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The Pamphlet Collection of Sir Robert Stout: Volume 83

Education Department.—New Zealand. — Notes on the Black-Wattle and the Golden Wattle. — Printed by Authority of the New Zealand Government

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Education Department.—New Zealand.

Notes on the Black-Wattle and the Golden Wattle.

Printed by Authority of the New Zealand Government.

Wattles grow in almost any soil, but their growth is most rapid on loose sandy patches, or where the surface has been broken for agricultural or other purposes. If the ground is hard, a plough furrow should be made for the reception of the seed, but on any land the surface of which has been broken, as for instance on old cultivations, the seed might be thinly sprinkled broad-cast. When wattles are six months old, stock may be turned in amongst them without doing injury to the young trees. They are fit for stripping when four years old. At that age each tree thinned out would yield at least 14lb. of bark, while those removed during the fifth, sixth, and seventh years, together with those left till they reach maturity at the end of eight years in all, say 600 per acre, should yield at least 56lb. of bark on the average; 40 trees would thus yield a ton of bark, the value of which would be from £5 to £7 10s. An acre would therefore yield bark to the value of at least £75 during the eight years between the sowing of the seeds, and the completion of the stripping of the bark from the mature trees. Planting may be done in autumn or in spring. The outer covering of the seed is very tough; the page 2 seed, therefore, should be soaked in hot water until it becomes soft. As the seeds are small, a very slight sprinkling of earth over them is sufficient. The wattle is very hardy, and when once established flourishes under what might be considered very unfavourable conditions.

Besides the returns obtained from the main crop of bark, income could be derived from a wattle plantation in the following ways : Wattle wood is the very best of firewood; it burns with a bright, clear flame, and leaves little or no ash. In Melbourne this wood is always worth £1 per ton. Wattle timber is one of the best for cooper's work. For beef casks it is very useful, as the wood will not stain meat. It is also much prized by cabinetmakers, as it looks very handsome when polished. The wheelwright finds the wood most useful for spokes and shafts. It makes, too, the "best of axe- and pick-handles, and is very suitable for most articles that require to be made of wood having a tough, durable grain. Top-rails made from wattle leave nothing to be desired : it would be a strong horse or bull that Could break down a wattle top-rail. Gum exudes from the tree, and the supply can be increased by puncturing the bark, the quality of which is improved by the procèss. This gum is worth about £25 per ton in London.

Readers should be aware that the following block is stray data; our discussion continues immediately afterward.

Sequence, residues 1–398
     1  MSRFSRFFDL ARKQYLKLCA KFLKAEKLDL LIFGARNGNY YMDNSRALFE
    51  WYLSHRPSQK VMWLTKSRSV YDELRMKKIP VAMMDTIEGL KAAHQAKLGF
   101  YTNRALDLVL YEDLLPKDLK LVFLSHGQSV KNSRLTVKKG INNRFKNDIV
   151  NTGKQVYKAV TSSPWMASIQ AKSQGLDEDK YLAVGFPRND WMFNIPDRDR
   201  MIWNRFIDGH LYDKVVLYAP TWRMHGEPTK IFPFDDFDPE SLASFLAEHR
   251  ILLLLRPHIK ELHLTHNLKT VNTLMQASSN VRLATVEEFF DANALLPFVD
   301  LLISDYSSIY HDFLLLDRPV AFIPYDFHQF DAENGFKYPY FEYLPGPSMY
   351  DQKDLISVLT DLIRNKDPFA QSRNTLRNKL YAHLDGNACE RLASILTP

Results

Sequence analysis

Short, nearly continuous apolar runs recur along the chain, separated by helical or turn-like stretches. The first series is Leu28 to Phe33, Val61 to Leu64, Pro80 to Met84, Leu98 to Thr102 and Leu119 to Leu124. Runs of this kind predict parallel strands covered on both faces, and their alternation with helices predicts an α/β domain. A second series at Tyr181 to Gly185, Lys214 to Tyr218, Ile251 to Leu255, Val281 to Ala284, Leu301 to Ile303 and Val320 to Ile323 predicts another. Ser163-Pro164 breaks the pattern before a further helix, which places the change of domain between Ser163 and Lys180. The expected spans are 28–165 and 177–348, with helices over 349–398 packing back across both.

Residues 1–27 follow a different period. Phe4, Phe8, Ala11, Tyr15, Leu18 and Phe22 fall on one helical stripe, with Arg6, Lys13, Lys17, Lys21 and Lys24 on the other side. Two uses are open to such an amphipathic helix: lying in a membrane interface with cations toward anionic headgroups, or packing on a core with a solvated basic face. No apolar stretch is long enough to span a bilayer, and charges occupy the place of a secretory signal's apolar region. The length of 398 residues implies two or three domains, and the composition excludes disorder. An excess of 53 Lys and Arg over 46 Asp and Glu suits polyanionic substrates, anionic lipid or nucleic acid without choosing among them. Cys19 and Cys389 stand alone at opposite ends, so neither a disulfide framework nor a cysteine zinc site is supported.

On the whole, if we take into account these subsidiary sources of income, and also the value of the bark obtained from trees taken out at the end of the first four years, we may safely say that a clear return of £80 per acre m eight years could be depended upon.

The advantages of cultivating the wattle are manifest. The yield of cultivated trees is very much larger, pruned trees can be stripped more easily, and the bark produced is of better quality. Also, when the trees are all together in a cultivation it takes much less time to strip them than it does when they are scattered.

The best descriptions of wattle are Acacia pycnantha—the golden or broad-leaved, and Acacia decurrens—the black or feather-leaved. Black-wattle gives good bark and is the hardier of the two, but the golden wattle is by far the page 3 most useful for the tanner's purposes; and this is, of course, the main consideration, seeing that it is from the sale of the bark to the tanner that the greatest part of the revenue is to be obtained. The golden wattle will probably thrive in many portions of the North Island, and especially where the soil is sandy. The black-wattle will be likely to succeed nearly everywhere on the coast of both Islands.

As was said in the former paper, it is desirable that teachers should endeavour to disseminate amongst the Natives the knowledge to be gained from these notes, and that, as far as may be, the Natives should take part in the operations necessary for sowing the seeds that are being sent to their districts almost exclusively for their advantage. About three ounces of seed will be sent to each school. As the seeds must be sown where they are to grow, it is expected that the Natives will select suitable pieces of ground for small wattle plantations, and that they will in every district make suitable arrangements for utilising the chance that is now afforded them of trying an experiment that will, if successful, add to their resources very materially. It is desirable that in every case a small plantation should be made in the school glebe, but the seeds are intended mainly for the use of the Natives themselves.